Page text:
Live By Faith

Written by Pastor Dan Wilfrid on Sunday, 02 October 2016 15:00.

Pentecost 20(C)         Luke 17:5-10

At our Adult Class this morning, we will hear from another in our series of “First Sunday” guests, people who have come to us representing organizations and agencies that share our commitment to be doing God’s work in the world. We ask them to come and help us better see what God is up to around us, and to grow in understanding how our Christian faith can be lived and expressed in daily life, and to know better who our local partners are in that mission. Today’s visitor will be Grace Warwick, Development Coordinator for Habitat for Humanity: Metro West and Greater Worcester. She is coming to tell us what Habitat is doing these days in our area and how we can be a part of their home and community building work.

Since it’s founding in 1976, Habitat for Humanity has had the same vision driving its work: a world where everyone, everywhere has a decent place to live. It’s both a simple and yet also astoundingly ambitious vision: a world where everyone, everywhere has a decent place to live.  According to their website, after forty years of building homes in partnership with churches and community groups and eventual homeowners all around the world, Habitat has now provided a decent place to live for no fewer than 6.8 million people. Through local projects in communities like ours, and global building blitzes all around the world, Habitat has worked tireless for forty years in pursuit of its vision and goal.



Written by Pastor Aaron Decker on Sunday, 25 September 2016 11:08.

Nineteenth Sunday after Pentecost (26C) - Luke 16:19-31

I know a man, back in Pennsylvania where I grew up, who is dying of cancer.  He’s gone through a series of treatments, and is now on to some experimental chemotherapy, mostly because the previous treatments haven’t worked, not quite enough.  Somehow, he still has hope.  Yet he’s deeply hurt by family members who have liquidated his possessions, assuming he’s not going to survive.  They have stopped seeing him as a person, and begun seeing him as a victim, perhaps even as already dead.  It’s a messy family system, which helps to explain some of the strange behavior of these relatives—and he even understands why things are the way they are.  But it still hurts to not be seen as the person he is—now desperately poor, medical expenses having destroyed all his assets—but still a human being, having dignity, worthy of respect.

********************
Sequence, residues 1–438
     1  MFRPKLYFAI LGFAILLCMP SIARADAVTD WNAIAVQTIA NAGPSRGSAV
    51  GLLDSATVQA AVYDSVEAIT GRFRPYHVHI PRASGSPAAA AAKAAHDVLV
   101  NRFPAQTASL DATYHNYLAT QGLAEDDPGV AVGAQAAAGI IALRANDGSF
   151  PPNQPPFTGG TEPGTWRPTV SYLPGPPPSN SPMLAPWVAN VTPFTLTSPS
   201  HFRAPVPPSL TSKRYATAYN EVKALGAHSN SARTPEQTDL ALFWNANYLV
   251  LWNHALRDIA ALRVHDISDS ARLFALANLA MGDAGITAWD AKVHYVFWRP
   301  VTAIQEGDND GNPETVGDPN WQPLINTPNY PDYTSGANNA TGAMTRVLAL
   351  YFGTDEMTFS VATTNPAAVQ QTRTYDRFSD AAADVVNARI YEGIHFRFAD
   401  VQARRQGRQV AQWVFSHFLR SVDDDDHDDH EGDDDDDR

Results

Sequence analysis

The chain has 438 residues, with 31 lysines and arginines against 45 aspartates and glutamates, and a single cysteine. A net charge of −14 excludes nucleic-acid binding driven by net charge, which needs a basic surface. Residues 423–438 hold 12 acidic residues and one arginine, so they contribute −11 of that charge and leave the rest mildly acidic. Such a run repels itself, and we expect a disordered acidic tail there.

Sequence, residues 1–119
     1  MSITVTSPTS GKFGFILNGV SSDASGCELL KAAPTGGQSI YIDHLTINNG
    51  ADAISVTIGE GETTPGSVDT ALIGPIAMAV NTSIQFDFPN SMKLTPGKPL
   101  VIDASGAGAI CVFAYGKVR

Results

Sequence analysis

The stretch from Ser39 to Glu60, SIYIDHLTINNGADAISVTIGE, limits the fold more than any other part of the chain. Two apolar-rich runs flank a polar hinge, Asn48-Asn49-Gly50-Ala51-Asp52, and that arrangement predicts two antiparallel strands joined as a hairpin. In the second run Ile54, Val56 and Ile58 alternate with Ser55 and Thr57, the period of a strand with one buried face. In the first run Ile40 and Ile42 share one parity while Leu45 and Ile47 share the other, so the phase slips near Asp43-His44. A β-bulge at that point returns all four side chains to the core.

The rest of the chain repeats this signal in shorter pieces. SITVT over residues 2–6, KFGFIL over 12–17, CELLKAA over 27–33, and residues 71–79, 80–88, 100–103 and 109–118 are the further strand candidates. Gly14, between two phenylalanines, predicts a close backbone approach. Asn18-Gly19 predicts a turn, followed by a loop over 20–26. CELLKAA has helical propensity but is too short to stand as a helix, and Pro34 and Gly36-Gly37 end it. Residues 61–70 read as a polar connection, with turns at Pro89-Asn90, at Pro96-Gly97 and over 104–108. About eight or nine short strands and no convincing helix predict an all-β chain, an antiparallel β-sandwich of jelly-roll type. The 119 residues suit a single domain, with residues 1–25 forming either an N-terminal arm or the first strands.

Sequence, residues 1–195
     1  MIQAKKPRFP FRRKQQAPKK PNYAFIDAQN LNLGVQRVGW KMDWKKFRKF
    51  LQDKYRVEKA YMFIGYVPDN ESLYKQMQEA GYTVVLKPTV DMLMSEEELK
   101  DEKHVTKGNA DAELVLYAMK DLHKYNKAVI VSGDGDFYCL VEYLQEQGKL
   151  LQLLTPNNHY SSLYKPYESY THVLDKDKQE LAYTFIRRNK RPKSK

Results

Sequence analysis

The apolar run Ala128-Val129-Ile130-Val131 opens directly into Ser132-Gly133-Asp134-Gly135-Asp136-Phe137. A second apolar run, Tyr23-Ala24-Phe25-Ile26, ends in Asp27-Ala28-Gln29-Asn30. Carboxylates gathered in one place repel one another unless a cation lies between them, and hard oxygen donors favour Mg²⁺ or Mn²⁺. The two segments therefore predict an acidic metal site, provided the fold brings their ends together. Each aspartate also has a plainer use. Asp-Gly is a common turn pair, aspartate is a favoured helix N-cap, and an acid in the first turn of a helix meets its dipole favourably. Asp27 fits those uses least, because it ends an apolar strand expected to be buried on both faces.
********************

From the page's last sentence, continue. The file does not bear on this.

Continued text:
Praying to See God at Work

Written by Pastor Dan Wilfrid on Sunday, 18 September 2016 11:30.

Pentecost 18(C)    Luke 16:1-13

“Where might you have seen God at work this week?”

Last Sunday, gathered around tables in our gym, I asked everyone to think about and tell stories of where and when and how they had experienced God active in their lives and world.  I didn’t hear many of those stories myself and I was told afterward that I didn’t leave enough time for all of them be shared, but some were, and if you were there, you either shared them or heard them. I hope the question stayed with you and that you kept asking it through this week as well.

“Where might you have seen God at work this week?”

It’s an important question, because people who believe in an omnipotent and omnipresent God – a God who is everywhere and can do anything – and also believe that God to be passionately loving, and deeply desiring to be close to us: such people ought to find it to be an easier question to answer than it seems to be for most of us. Where is God active in my life and world? What does God do? How is God at work in the events that make up my day and in those that I watch and read about in the news? 

“Where might you have seen God at work this week?”


He Means It

Written by Pastor Aaron Decker on Sunday, 04 September 2016 16:33.

Sixteenth Sunday After Pentecost (C) - Luke 14:25-33

I have to admit, when I first was looking through the readings for this Sunday, I thought I wanted to focus on the second reading.  This is, I think, the only Sunday in our three-year cycle when we get (almost) an entire book of the Bible.  Just four verses short of the whole letter to Philemon, only 335 words in the original Greek, were read today.  I really like this little letter; it has so many good things in such a nice little package.  So I was prepared to do my research and all that, but thought I’d better read through the Gospel lesson once just to be sure.


Hannah Burns

Written by Pastor Aaron Decker on Thursday, 01 September 2016 13:01.

Funeral for Hannah Burns - Luke 15:11-24

The Prodigal Son is one of those stories in our Bible that lots of people know, even those who aren’t people of faith.  It has been interpreted many ways over the centuries, wondering just what horrible sin it was that the son went and did in his “dissolute living,” as the scriptures call it.  Was Hannah caught up in this sort of cycle?  Did she walk off with her father’s inheritance, metaphorically speaking?  Did she squander what she had?  Is that what’s going on here?

I think it’s important that we name the elephant in the room.  Hannah was twenty-one years old when she died, too young for anyone, whatever the circumstances.  Tara should not have to bury her daughter.  Russell should not have to bury his daughter.  Kaelynn should not have to grow up without her mother, nor Robyn live without her presence in his life.  None of us should be without her.  But her life was claimed by drug addiction, a disease that does not choose certain people over others.  People of every shape, age, gender, color, economic status, family environment, all of them find addictions in their midst.